NCBI Bookshelf. A service of the National Library of Medicine, National Institutes of Health.

National Center for Biotechnology Information (US). Genes and Disease [Internet]. Bethesda (MD): National Center for Biotechnology Information (US); 1998-.

Cover of Genes and Disease

Genes and Disease [Internet].

Show details

Tay-Sachs disease

Image tsachs.jpg

Tay-Sachs disease, a heritable metabolic disorder commonly associated with Ashkenazi Jews, has also been found in the French Canadians of Southeastern Quebec, the Cajuns of Southwest Louisiana, and other populations throughout the world. The severity of expression and the age at onset of Tay-Sachs varies from infantile and juvenile forms that exhibit paralysis, dementia, blindness and early death to a chronic adult form that exhibits neuron dysfunction and psychosis.

Tay-Sachs is an autosomal recessive disease caused by mutations in both alleles of a gene (HEXA) on chromosome 15. HEXA codes for the alpha subunit of the enzyme β-hexosaminidase A. This enzyme is found in lysosomes, organelles that break down large molecules for recycling by the cell. Normally, β-hexosaminidase A helps to degrade a lipid called GM2 ganglioside, but in Tay-Sachs individuals, the enzyme is absent or present only in very reduced amounts, allowing excessive accumulation of the GM2 ganglioside in neurons. The progressive neurodegeneration seen in the varied forms of Tay-Sachs depends upon the speed and degree of GM2 ganglioside accumulation, which in turn is dependent upon the level of functional β-hexosaminidase A present in the body.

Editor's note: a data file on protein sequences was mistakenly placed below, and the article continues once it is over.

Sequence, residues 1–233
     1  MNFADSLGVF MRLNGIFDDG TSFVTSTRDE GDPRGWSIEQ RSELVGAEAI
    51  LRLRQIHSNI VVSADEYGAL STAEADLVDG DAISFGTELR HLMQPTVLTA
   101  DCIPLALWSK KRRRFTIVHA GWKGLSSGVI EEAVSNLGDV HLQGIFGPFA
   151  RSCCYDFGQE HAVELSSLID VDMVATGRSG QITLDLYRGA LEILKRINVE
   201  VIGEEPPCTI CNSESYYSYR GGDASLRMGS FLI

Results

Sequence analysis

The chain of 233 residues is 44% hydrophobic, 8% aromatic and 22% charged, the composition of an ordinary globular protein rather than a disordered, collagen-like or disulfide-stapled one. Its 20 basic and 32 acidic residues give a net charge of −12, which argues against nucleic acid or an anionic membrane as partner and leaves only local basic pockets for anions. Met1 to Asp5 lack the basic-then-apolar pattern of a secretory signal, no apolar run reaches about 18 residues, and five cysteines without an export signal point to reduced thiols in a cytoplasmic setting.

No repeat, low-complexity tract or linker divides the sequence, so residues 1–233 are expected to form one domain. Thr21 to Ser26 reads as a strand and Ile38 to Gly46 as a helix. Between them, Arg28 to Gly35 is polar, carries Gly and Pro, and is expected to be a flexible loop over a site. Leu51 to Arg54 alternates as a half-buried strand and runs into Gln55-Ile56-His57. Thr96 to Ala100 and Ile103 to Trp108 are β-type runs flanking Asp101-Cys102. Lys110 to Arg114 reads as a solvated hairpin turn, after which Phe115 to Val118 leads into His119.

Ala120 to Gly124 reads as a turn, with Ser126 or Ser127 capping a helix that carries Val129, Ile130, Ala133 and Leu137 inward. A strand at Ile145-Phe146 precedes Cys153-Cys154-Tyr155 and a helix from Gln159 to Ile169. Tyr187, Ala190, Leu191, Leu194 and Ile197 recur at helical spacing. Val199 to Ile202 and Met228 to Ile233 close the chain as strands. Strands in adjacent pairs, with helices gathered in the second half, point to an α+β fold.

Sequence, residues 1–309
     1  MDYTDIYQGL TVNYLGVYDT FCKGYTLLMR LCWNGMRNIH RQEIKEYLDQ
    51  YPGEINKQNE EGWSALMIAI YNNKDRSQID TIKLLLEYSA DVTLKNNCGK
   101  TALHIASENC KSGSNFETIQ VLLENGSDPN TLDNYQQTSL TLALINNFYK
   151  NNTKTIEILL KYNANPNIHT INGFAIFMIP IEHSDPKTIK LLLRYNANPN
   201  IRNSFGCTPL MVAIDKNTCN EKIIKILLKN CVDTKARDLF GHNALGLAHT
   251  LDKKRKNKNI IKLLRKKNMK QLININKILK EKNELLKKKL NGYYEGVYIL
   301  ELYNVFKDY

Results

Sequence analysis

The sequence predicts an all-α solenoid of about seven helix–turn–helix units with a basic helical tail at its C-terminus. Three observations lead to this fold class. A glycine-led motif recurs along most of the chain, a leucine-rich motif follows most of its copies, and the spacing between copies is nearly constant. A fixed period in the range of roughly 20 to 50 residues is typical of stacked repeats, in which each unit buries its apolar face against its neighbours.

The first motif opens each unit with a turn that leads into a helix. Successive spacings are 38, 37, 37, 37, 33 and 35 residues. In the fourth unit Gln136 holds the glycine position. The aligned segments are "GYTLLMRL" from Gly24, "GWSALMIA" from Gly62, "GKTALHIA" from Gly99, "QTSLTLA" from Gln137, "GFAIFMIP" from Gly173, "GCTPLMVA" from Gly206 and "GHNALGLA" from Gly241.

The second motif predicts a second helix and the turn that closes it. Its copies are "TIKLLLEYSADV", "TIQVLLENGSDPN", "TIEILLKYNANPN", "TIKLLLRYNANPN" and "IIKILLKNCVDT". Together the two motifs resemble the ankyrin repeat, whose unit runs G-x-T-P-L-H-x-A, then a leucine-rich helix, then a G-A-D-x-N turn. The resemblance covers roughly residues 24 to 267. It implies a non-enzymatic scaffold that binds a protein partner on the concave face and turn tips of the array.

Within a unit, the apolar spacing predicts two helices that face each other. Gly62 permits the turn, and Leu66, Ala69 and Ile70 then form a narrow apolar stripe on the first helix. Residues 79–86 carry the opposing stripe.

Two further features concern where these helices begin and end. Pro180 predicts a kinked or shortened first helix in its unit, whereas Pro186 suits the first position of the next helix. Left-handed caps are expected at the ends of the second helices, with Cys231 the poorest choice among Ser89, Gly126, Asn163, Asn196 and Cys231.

A mouse model has been developed for Tay-Sachs, although its usefulness is limited since Tay-Sachs mice possess a minor alternative pathway for breaking down GM2 ganglioside. Treatment of the late onset form of Tay-Sachs with a ganglioside synthesis inhibitor shows promise. The effectiveness this and other treatments on individuals with the infantile (the most common) form of the disease is extremely limited since the extent of neurological damage prior to birth is unknown. The difficulty in reversing such damage will make it hard to develop an effective treatment for the infantile form of the disease. It is hoped, however, that the latter onset forms of Tay-Sachs may prove responsive to treatment, and such treatment combined with the DNA and enzymatic screening programs currently in use will lead to the eventual control of this disease.


Gene sequence

The literature


  • Fact Sheet from National Institute of Neurological Disorders and Stroke
  • NTSAD National Tay-Sachs and Allied Diseases Association

Related information

Recent Activity

Your browsing activity is empty.

Activity recording is turned off.

Turn recording back on

See more...